Bauer, J., Unterbrink, T., Hack, A., Pleifer, R., Buhl-Griebhaber, V., Müller, U. et al. 2007). Working conditions, adverse events and mental health problems in a sample of 949 German teachers. International Archives of Occupational and Environmental Health, 80(5), 442–449. Chiu, T.T.W. & Lam P.K.W. 2007. The prevalence of and risk factors for neck pain and upper limb pain among secondary school teachers in Hong Kong. Journal of Occupational Rehabilitation, 17(1), 19–32. Jin, P., Yeung, A.S., Tang, T-O., & Low, R. 2008. Identifying teachers at risk in Hong Kong: psychosomatic symptoms and sources of stress. Journal of Psychosomatic Research, 65(4), 357–362. Konu, A., Viitanen, E., & Lintonen,T. 2010. Teachers’ wellbeing and perceptions of leadership practices. International Journal of Workplace Health Management, 3(1), 44–57. Putus, T. 2010. Koulun työolot ja niiden arviointi (Working conditions of the school and their evaluation)”, in Rimpelä, M., Fröjd, S. & Peltonen, H. (Eds.), Hyvinvoinnin ja terveyden edistäminen perusopetuksessa 2009. Perusraportti (Promotion of Welfare and Health in the Basic Teaching 2009, Basic Report), Koulutuksen seurantaraportit 2010:1. Vammalan kirjapaino Oy, Sastamala, pp. 116–27. Saaranen, T., Tossavainen, K., Turunen, H., & Vertio, H. 2006. Development of occupational well-being in the Finnish European Network of Health promoting Schools. Health Education, 106(2), 133–154. Sveinsdóttir, H., Gunnarsdóttir, H., & Friðriksdóttir, H. 2007. Self-assessed occupational health and working environment of female cabin crew, nurses and teachers”, Scandinavian Journal of Caring Science, 21(2), 262–273. Yang ,X., Ge, C., Hu, B., Chi, T., & Wang, L. 2009. Relationship between quality of life and occupational stress among teachers. Public Health, 123(11), 750–755. Wu ,S., Li, J., Wang, M., Wang, Z., & Li, H. 2006. Short communication: intervention on occupational stress among teachers in the middle schools in China. Stress and Health, 22(5), 329–336.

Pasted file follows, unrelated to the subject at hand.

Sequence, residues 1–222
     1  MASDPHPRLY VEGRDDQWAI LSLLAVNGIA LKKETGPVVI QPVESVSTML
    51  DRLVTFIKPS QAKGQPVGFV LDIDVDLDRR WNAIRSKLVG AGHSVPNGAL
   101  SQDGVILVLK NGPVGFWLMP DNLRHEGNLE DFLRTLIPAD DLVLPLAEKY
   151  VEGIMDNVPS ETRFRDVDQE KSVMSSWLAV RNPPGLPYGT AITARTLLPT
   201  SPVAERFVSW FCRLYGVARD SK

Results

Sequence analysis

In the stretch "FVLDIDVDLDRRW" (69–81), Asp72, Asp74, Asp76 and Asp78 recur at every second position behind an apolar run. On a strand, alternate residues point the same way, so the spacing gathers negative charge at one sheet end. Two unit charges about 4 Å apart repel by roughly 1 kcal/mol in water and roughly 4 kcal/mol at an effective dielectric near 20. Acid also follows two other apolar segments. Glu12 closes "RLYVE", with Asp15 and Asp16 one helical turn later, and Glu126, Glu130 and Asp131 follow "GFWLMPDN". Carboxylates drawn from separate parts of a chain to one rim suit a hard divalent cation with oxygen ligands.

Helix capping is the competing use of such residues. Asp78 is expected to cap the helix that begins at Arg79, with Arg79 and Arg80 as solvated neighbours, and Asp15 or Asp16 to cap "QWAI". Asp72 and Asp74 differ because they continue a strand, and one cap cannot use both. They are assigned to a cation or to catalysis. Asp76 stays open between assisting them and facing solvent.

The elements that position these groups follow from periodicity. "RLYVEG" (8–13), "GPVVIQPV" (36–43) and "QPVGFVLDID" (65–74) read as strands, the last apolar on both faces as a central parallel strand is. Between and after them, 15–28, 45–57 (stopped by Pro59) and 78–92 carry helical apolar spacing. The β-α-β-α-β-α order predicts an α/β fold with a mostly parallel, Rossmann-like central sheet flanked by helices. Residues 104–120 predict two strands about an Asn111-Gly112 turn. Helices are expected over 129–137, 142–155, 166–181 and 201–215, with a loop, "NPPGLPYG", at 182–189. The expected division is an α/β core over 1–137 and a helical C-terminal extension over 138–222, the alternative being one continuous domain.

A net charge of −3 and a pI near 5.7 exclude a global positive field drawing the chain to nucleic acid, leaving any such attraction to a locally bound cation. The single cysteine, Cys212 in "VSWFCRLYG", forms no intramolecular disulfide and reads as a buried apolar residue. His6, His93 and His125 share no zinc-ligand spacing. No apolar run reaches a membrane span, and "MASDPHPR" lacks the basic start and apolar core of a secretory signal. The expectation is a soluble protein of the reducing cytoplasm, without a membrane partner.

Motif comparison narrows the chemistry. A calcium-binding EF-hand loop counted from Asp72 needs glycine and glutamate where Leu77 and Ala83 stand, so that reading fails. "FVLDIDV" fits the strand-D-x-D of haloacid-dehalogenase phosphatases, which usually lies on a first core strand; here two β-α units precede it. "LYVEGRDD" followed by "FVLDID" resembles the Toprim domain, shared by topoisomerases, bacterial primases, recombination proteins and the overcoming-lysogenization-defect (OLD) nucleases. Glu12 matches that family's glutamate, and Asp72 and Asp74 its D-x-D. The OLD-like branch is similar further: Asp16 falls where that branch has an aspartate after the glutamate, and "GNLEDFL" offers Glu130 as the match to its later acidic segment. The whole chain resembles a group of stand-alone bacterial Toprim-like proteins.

00. Central Events (Keynotes, EERA-Panel, EERJ Round Table, Invited Sessions)
Network 1. Continuing Professional Development: Learning for Individuals, Leaders, and Organisations